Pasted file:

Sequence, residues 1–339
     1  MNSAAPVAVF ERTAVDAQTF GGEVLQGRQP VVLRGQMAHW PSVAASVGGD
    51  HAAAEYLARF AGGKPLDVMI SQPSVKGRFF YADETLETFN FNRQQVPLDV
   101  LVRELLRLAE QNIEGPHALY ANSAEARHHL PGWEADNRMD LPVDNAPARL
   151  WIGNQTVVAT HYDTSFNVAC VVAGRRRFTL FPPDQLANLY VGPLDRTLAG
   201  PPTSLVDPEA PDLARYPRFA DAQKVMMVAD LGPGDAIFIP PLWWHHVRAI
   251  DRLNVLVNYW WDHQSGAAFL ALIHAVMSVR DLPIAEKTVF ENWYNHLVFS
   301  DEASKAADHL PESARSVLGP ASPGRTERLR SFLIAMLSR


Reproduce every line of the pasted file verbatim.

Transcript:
Sequence, residues 1–339
     1  MNSAAPVAVF ERTAVDAQTF GGEVLQGRQP VVLRGQMAHW PSVAASVGGD
    51  HAAAEYLARF AGGKPLDVMI SQPSVKGRFF YADETLETFN FNRQQVPLDV
   101  LVRELLRLAE QNIEGPHALY ANSAEARHHL PGWEADNRMD LPVDNAPARL
   151  WIGNQTVVAT HYDTSFNVAC VVAGRRRFTL FPPDQLANLY VGPLDRTLAG
   201  PPTSLVDPEA PDLARYPRFA DAQKVMMVAD LGPGDAIFIP PLWWHHVRAI
   251  DRLNVLVNYW WDHQSGAAFL ALIHAVMSVR DLPIAEKTVF ENWYNHLVFS
   301  DEASKAADHL PESARSVLGP ASPGRTERLR SFLIAMLSR